An ongoing longitudinal study of public attitudes (and experiences) of healthcare in the age of Covid19 is being done by Rob Klein of Klein and Partners, a Healthcare research and marketing consulting firm based in Chicago. Surveys were taken in April, and May, and in Mid-June (so far), Klein reports on the trends he sees – what has been changing and what has remained fairly constant, and the implications on what steps doctors need to take to insure the recovery of their practices.
• Behaviors During and After the Coronavirus
• How do we get patients back?
• Perceptions of How Healthcare Organizations are Handling the Coronavirus
• Emotions and Level of Concern
Key Takeaways (the short version):
• Mental Health issues are the ones for which patients feel the most immediate need to resume healthcare.
• Access is improving, but getting appointments sooner, rather than later is key, even if it means extending hours. Virtual visits are a good solution, but it must be easy and everyone’s attitude is important.
• Emotional stresses due to health and financial concerns, extended over months, means we expect to be left with a serious mental health crisis even after the pandemic is over.
• Physicians must be proactive. Patients are looking to have physicians ‘guide’ them back into accessing healthcare. Whether virtual visits or office visits, it is up to the practice to help the patients feel comfortable with the new procedures. Communications should be “verbal to help with their anxiety, written to provide instruction on how to come back safely.”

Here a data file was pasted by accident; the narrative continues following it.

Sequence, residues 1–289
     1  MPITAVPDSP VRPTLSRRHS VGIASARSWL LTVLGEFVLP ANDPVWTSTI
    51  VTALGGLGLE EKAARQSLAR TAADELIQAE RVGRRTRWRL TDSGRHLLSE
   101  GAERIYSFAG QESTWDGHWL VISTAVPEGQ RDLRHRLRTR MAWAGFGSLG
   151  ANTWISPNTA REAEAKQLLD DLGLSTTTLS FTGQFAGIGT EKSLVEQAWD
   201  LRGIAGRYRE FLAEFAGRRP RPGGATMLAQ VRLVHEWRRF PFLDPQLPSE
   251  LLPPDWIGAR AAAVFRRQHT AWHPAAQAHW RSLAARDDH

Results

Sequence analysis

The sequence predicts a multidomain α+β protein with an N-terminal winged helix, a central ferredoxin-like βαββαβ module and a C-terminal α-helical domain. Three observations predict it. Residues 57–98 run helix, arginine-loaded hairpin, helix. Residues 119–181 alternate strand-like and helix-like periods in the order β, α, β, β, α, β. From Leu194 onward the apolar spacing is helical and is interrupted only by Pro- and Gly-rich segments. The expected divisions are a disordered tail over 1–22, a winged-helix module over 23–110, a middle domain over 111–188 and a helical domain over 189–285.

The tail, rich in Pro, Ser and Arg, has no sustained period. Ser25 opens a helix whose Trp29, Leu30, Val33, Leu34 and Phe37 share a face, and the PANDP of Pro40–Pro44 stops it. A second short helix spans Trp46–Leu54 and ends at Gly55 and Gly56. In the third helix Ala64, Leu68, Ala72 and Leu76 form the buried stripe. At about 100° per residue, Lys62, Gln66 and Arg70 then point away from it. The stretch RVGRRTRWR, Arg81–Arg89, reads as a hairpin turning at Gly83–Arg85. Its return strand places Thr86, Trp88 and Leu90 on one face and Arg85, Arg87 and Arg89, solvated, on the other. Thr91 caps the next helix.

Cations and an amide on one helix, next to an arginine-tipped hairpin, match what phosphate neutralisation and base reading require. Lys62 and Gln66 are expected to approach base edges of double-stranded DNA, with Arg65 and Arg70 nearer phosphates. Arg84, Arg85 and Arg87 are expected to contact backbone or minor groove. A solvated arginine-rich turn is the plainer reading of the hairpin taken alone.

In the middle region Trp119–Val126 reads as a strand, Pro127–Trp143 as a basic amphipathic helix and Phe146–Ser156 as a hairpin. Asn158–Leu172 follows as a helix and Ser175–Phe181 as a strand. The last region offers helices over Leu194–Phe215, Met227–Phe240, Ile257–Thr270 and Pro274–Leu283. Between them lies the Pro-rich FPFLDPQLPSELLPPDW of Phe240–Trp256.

• Popularity of virtual care continues to grow. Objections on grounds of quality, privacy, impersonal nature or technology fade as patients experience it. Virtual visits need to be positioned as a long term solution to access.
• “Consumers want us to: 1) Acknowledge their concerns as real (empathy) and 2) Explain what we are doing to help them come back safely and easily (access). ‘How’ you act is what will make ‘what’ you do successful over the long-term Empathic Access.”
The 2020 Wave III Report (Waves I & II), in presentation form with lots of detailed charts, may be found here: COVID-19 STUDIES. Remember, this last snapshot was before the massive spike in infected individuals in Florida, Texas, Arizona and California, so these sentiments may again be shifting.
Key takeaways (the long version – directly from Klein’s powerpoint):
1) While negative emotions continue to ease, hesitation is creeping back into people’s minds about getting back out and participating in most activities. This is not a linear path back to ‘normal.’
• Consistent with prior waves, those 18-44 and women express significantly higher levels of negative emotions such as anxiety. In fact, anxiety is the negative emotion expressed most among Americans. This may be why most medical conditions for which people feel an immediate need for care are mental health-related. And, six in ten adults report having a medical condition requiring immediate medical care. How are we preparing?
– What are 18-44 year olds most concerned about? safety and finances